Well, IB as you are all aware of, is a highly specialised course. Not only are the courses more demanding and more focused, but the very rationale is thoroughly different.Regarding other means of education, IB is similar to AP classes. However, there is a main difference. Ap as well as IB are highly appreciated by all colleges. Since IB gives Ivies a visual of how efficiently the applicant is likely to cope with i.e. the Harvard curriculum and Harvard obligations, IB students are more reliable than students with honor classes, regarding scholastic aptitude. AP is equally proficient as the IB. Nevertheless, IB can be more promiscuous and IBO is dedicated to offering a wide range of subjects and obliging the student to choose from different disciplines. It is that particular aspect of IB that makes it stand out as a programme--the fact that it offers spherical knowledge and development of critical thinking. So that distinguishes any IB school from prep schools (IB schools can be prep schools as well, since after all IB schools do prep one for collegiate life).

    Plus, u shouldn't ommit the CAS requirement. CAS offers the opportunity to excell both intracurricularly as well as extracurricularly.

    In the long run, it all boils down to this:
    If u are a gifted/diligent/auspicious person and your determination is great, u are most likely going to excell in any school whatsoever, let that be IB, an expensive prep school or a public college. IB just offers better opportunities. After all, IB mainly focuses upon the motto "knowledge for the sake of knowledge". And i am sure that all of you who have done TOK pretty much grasp the main concept of what i am saying. After all, why would a class be offered even though it is not graded, if not for the acquisition of erudition?
  • tokenadulttokenadult Posts: 17,473Super Moderator Senior Member
    Actually, my impression of the IB science courses (and I have downloaded the IB syllabus for physics) is that they are LESS specialized than the corresponding AP courses. The IB courses in all subjects seem like "[subject] for poets," while the math courses and science courses in the AP program really like "math for math majors" or "science for science majors." I think a humanities and historical perspective on a hard science subject is valid--that's actually the kind of math and science reading I like to do for fun--but I think the science-and-math-loving young people I coach on our homeschool group's math team may be better served by an AP curriculum in those subjects.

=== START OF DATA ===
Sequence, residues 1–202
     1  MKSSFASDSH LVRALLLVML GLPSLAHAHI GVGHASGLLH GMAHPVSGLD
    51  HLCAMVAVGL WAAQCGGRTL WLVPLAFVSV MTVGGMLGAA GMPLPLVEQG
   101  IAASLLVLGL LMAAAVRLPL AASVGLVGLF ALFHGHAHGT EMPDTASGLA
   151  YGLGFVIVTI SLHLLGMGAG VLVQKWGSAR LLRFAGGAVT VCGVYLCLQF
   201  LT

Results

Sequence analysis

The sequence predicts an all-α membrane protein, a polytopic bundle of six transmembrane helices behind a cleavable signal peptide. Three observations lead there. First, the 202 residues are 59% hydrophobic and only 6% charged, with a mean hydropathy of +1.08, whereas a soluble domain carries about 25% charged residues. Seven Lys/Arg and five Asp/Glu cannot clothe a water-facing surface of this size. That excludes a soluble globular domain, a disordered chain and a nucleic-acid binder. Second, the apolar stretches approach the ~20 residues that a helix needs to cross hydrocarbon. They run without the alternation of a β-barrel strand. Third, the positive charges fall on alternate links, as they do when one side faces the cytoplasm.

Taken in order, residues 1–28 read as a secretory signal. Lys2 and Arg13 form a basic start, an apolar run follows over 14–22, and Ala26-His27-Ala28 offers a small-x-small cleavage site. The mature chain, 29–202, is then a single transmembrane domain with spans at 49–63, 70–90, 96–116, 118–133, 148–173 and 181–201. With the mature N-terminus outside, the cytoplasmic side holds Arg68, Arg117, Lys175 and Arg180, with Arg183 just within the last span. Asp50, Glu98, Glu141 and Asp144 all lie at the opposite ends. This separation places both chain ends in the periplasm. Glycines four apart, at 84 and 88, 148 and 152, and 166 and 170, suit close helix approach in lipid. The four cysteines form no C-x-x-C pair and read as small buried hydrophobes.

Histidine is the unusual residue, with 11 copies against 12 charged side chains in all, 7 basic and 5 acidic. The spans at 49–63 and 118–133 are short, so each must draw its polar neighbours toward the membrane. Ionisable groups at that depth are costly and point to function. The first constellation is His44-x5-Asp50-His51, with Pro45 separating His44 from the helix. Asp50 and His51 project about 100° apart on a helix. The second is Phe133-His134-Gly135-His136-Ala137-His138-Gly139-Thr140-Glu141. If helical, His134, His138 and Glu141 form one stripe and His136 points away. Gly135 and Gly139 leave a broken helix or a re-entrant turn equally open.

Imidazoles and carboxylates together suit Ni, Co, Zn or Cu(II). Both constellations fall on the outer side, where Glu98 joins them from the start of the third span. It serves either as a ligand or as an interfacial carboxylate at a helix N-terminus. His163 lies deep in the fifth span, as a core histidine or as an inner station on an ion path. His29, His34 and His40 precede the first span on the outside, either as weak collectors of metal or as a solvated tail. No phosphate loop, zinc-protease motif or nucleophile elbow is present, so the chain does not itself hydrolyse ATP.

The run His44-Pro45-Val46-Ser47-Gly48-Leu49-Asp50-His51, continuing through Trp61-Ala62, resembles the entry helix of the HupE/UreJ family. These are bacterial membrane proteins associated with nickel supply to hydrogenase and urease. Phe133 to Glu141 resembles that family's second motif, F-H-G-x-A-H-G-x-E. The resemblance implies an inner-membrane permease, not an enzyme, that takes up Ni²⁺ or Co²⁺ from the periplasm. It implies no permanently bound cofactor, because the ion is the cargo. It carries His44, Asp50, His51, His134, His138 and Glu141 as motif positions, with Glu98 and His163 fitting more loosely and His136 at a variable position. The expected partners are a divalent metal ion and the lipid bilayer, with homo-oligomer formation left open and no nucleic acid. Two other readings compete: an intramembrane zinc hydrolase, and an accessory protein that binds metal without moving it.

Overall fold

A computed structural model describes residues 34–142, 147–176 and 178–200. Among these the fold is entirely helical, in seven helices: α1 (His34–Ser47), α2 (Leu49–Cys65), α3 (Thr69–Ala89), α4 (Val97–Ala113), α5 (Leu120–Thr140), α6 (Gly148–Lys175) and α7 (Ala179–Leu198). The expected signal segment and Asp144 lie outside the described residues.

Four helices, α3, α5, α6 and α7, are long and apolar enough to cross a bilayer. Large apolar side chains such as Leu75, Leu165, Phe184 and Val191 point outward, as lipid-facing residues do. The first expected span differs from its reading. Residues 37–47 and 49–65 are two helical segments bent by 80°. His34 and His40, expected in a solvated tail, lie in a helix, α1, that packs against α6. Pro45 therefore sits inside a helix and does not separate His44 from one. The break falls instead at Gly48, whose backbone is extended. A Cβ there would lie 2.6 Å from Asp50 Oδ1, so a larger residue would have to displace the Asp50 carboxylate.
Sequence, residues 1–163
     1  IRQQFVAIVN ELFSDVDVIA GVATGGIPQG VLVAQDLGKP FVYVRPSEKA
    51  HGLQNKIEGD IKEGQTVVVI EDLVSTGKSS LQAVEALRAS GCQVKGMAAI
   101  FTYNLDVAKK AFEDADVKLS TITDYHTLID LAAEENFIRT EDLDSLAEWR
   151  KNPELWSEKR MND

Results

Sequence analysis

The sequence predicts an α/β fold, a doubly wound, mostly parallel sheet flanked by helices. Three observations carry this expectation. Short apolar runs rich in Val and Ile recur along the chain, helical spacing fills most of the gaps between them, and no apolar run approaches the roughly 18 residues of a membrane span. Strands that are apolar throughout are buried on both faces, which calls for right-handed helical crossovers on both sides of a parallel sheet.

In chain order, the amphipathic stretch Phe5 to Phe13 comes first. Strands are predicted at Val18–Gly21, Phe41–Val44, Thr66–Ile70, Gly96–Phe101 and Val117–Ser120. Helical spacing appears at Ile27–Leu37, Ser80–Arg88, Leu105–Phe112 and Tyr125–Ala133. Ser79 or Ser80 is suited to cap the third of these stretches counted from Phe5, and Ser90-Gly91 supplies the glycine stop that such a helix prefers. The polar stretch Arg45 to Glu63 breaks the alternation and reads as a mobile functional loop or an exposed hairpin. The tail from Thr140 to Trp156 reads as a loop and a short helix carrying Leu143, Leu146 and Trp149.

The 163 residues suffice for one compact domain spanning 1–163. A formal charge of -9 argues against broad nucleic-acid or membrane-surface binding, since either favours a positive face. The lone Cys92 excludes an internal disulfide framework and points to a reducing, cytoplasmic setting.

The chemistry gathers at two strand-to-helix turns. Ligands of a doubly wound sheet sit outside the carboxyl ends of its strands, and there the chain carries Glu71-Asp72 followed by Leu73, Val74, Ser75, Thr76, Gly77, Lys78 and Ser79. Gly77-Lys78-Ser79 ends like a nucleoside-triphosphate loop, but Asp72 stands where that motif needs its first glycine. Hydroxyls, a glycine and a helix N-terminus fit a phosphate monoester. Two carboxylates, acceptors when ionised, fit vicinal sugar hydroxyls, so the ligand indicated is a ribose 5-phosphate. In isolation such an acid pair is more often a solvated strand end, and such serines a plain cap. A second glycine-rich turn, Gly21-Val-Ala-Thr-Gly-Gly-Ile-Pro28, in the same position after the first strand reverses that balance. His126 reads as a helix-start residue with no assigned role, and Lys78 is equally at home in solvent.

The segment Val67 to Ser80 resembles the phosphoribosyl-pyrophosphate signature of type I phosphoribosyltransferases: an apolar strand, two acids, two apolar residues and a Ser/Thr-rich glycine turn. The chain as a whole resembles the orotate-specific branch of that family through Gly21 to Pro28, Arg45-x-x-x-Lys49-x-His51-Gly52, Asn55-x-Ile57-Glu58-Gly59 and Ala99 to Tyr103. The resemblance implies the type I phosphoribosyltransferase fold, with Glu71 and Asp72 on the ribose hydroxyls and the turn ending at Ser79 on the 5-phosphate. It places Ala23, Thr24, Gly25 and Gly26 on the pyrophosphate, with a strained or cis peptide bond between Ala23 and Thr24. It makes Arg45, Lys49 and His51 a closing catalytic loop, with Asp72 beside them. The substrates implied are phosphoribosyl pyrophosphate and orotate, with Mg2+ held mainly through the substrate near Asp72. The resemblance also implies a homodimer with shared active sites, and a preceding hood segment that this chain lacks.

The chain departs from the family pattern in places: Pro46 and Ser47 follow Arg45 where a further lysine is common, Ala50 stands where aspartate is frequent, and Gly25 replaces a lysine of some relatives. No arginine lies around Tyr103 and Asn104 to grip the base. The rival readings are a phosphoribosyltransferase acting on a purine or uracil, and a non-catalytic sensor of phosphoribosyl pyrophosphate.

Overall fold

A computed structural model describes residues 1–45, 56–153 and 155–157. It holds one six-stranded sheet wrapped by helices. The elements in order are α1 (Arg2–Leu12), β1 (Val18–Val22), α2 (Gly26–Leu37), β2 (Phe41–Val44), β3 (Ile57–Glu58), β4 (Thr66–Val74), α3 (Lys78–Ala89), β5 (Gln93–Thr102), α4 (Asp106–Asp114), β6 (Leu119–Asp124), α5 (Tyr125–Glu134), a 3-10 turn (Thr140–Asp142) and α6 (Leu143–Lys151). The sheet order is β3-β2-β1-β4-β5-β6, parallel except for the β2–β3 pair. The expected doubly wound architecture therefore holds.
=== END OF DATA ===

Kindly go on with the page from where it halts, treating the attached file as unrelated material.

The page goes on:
I'd still like to see in this thread ANY evidence whatever that Ivy League colleges have a special regard for IB students. I have never seen a statement to that effect on an Ivy League college Web site, for instance.
  • cameliasinensiscameliasinensis Posts: 2,294Registered User Senior Member
    tokenadult wrote:
    The IB courses in all subjects seem like "[subject] for poets," while the math courses and science courses in the AP program really like "math for math majors" or "science for science majors." I think a humanities and historical perspective on a hard science subject is valid--that's actually the kind of math and science reading I like to do for fun--but I think the science-and-math-loving young people I coach on our homeschool group's math team may be better served by an AP curriculum in those subjects.
    I'm curious about what led you to that conclusion, because the closest to a "humanities and historical perspective on a hard science" I've come across is the science and math unit of my TOK class, whereas my science classes (I take Chemistry HL and Biology SL) are very much fact- and problem-oriented... and I wrote my Extended Essay in chemistry, and the endless "there is no such thing as reality; the scientific method is just another example of antiquated patriarchal eurocentrism, and religious mysticism is equally valid" arguments in TOK frustrated the hell out of me, so I'm definitely not the kind of kid who'd enjoy a "science for poets" type class. I guess the one exception is that my entire bio class except yours truly voted for the "Further Ecology" unit over "Diet and Nutrition" because the latter contained "too much chemistry", but that's a reflection of the student body much more than the curriculum.